The pathogenesis of osteonecrosis during HZ was still debated and seems to be multifactorial. Meer et al. (10) suggested that this may be due to the compression of the alveolar artery in the narrow bone canal after edema caused by nerve infection, resulting in arterial ischemia and necrosis of the supply area. Mendieta et al. (11) suggested that the virus spreads directly from adjacent cranial nerves and invades blood vessels, causing segmental granulomatous vasculitis, which seriously affects the growth of the supply area. Judging from the large area of acute skin lesions, our patient's nerves and blood vessels should have been attacked by a large number of viruses, which may have produced the same features as above, leading to tooth loss. Periodontal diseases, such as periodontitis or pulpitis, are common causes of jaw osteonecrosis (12). Badjate et al. (13) explained that tooth exfoliation is an early sign of post-herpetic osteonecrosis. The loss of dental proprioception caused by damage to periosteal blood flow leads to periodontal membrane necrosis before alveolar osteonecrosis. Similarly, our patient's hygiene was poor, and he had generalized gingivitis, which may also be one of the reasons for tooth loss and alveolar bone necrosis. Also, the vasoconstriction caused by sympathetic excitation should not be ignored (14). The sympathetic nervous system has a vasoconstrictive effect on the peripheral vascular bed, which is regulated by the local vascular nerve signaling mechanism. When the blood vessels or sympathetic nerves are invaded by the virus, they are stimulated to produce a vasoconstrictive response, which can lead to the obstruction of blood supply to local tissues. It has also been suggested that some neural mechanisms may be involved. Some studies have shown genetic, neuroanatomical, and physiological evidence that leptin regulates bone mass by regulating sympathetic nerve tension (15).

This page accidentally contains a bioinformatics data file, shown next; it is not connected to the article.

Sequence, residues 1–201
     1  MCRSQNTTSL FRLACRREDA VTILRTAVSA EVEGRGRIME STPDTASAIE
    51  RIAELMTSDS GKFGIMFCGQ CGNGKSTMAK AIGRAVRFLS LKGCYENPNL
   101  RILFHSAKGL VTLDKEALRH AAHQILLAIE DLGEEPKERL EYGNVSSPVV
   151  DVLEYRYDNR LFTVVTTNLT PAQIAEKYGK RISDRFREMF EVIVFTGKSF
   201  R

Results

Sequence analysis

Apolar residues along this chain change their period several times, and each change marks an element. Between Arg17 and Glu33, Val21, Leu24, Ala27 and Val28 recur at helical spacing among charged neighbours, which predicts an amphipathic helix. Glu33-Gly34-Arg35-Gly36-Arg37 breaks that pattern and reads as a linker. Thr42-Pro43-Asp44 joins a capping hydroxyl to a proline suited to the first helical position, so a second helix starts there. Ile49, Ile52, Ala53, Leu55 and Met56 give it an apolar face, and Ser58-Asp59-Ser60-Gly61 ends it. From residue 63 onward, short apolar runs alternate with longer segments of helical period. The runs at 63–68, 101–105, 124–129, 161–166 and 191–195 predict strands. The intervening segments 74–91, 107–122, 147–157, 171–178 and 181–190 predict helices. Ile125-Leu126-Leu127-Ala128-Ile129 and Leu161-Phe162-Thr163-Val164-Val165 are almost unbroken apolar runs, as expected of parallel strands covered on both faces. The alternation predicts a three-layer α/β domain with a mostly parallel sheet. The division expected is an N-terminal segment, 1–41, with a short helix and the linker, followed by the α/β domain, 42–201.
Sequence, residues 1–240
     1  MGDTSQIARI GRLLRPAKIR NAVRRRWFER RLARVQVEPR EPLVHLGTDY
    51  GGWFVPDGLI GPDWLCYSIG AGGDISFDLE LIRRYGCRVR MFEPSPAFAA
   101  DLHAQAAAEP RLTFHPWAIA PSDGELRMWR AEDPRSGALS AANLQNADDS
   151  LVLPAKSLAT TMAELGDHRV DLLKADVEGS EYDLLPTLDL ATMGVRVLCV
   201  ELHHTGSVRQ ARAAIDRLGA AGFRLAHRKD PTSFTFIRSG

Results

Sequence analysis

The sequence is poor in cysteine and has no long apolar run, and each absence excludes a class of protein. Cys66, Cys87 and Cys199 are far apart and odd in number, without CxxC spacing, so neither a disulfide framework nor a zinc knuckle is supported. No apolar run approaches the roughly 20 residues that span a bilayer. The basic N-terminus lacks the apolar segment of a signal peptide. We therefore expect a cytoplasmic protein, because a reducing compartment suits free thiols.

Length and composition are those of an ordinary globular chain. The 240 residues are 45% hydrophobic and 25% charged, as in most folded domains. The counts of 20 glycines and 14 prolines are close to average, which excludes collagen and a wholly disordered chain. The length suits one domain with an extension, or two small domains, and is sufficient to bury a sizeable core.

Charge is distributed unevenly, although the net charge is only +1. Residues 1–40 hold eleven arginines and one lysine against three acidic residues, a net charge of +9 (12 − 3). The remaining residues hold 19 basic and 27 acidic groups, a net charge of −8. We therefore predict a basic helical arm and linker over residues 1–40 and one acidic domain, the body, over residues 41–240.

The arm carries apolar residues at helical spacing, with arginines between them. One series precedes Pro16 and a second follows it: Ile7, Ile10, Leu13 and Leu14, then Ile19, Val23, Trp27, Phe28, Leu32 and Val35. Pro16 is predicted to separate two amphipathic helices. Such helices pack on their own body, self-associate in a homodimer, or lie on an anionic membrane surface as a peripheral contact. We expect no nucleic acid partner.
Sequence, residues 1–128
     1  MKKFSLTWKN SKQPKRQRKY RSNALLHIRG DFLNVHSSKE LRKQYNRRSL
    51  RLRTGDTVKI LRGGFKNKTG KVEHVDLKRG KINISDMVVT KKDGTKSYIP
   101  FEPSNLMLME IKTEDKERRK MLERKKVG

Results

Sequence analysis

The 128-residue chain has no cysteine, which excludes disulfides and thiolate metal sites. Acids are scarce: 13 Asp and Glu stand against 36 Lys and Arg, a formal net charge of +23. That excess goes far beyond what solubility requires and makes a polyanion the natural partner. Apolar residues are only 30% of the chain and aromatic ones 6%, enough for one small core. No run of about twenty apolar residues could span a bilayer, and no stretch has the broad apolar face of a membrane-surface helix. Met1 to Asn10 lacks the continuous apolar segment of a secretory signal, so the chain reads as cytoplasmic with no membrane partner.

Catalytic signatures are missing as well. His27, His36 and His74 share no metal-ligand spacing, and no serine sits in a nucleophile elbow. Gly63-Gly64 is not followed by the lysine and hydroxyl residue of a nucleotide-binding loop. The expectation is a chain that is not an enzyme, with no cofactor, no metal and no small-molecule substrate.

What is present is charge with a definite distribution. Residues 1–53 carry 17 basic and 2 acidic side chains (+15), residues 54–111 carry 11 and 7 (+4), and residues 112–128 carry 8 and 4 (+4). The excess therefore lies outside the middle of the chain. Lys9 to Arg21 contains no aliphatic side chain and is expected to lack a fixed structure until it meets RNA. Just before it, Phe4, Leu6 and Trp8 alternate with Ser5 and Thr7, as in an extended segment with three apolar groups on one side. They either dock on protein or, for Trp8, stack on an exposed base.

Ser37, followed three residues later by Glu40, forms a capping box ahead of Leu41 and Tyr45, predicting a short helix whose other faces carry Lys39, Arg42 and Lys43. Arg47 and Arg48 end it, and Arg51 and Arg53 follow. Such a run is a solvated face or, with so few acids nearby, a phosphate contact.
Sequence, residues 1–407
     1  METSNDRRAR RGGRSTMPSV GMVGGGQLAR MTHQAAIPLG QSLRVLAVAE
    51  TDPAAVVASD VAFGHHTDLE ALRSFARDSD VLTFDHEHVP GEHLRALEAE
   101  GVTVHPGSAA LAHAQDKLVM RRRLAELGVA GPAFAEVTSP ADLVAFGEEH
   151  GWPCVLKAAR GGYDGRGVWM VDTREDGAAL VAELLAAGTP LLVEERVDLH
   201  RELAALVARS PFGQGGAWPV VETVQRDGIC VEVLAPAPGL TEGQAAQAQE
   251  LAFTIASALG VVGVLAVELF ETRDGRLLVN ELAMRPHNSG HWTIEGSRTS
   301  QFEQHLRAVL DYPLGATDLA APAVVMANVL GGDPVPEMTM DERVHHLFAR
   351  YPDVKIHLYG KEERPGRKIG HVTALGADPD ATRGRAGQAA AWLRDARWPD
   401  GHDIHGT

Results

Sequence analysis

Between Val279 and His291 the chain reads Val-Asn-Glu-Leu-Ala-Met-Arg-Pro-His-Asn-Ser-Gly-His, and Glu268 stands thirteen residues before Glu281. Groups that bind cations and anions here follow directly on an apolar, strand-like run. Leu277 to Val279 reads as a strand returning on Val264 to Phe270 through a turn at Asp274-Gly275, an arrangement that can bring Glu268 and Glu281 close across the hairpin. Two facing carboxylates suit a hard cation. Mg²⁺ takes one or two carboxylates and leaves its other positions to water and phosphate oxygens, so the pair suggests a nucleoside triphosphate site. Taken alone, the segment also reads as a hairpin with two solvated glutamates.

Early application of antiviral drugs and antibiotics combined with aggressive debridement of necrotic bone is considered to improve wound healing to the greatest extent (16). Some scholars have recommended that low-dose hormones combined with antiviral treatment in the early stage of the disease can improve the symptoms associated with viral invasion of the nerves (17). However, mandibular necrosis occurred in a 30-year-old female patient with lupus erythematosus who took prednisone (5 and 7.5 mg, alternately) for 9 years and a 50-year-old male patient with psoriatic arthritis who took prednisone (7.5 mg/day) for 2 years (18, 19). We believe that the key to mandibular necrosis caused by hormone application is long-term use, and we do not use hormone treatment anymore. In recent studies, complementary treatment, including platelet concentrates in solid and liquid form, has been developed to prevent jaw osteonecrosis and improve healing after surgical treatment of bone lesions (19). During treatment, we should pay attention to screening for occult malignancies, immunodeficiency, and other systemic conditions, so as to make the treatment more comprehensive (20). To enhance immunoprotection, Cunningham et al. have recommended the administration of two doses of recombinant virus and adjuvant varicella-zoster vaccine, 2 months apart, beginning at age 60 years (21). Thus, vaccination is an important way to avoid the occurrence of herpes zoster.